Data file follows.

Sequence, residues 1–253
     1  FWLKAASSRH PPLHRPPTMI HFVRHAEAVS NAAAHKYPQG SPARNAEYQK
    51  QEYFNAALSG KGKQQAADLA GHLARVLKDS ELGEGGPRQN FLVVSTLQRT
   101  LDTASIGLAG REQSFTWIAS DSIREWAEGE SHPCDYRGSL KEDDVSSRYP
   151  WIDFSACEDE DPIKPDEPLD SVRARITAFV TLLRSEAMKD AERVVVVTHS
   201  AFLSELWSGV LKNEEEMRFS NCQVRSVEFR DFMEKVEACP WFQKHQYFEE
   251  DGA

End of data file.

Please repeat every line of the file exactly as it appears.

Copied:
Sequence, residues 1–253
     1  FWLKAASSRH PPLHRPPTMI HFVRHAEAVS NAAAHKYPQG SPARNAEYQK
    51  QEYFNAALSG KGKQQAADLA GHLARVLKDS ELGEGGPRQN FLVVSTLQRT
   101  LDTASIGLAG REQSFTWIAS DSIREWAEGE SHPCDYRGSL KEDDVSSRYP
   151  WIDFSACEDE DPIKPDEPLD SVRARITAFV TLLRSEAMKD AERVVVVTHS
   201  AFLSELWSGV LKNEEEMRFS NCQVRSVEFR DFMEKVEACP WFQKHQYFEE
   251  DGA